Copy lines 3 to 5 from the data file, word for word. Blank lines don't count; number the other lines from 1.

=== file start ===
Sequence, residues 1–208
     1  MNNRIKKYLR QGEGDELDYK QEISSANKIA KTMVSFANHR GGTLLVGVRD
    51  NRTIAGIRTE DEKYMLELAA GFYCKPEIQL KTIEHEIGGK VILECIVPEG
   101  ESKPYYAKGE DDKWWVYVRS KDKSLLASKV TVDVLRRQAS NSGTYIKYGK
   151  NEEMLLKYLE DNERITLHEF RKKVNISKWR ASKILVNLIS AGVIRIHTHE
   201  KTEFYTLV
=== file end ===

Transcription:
    51  NRTIAGIRTE DEKYMLELAA GFYCKPEIQL KTIEHEIGGK VILECIVPEG
   101  ESKPYYAKGE DDKWWVYVRS KDKSLLASKV TVDVLRRQAS NSGTYIKYGK
   151  NEEMLLKYLE DNERITLHEF RKKVNISKWR ASKILVNLIS AGVIRIHTHE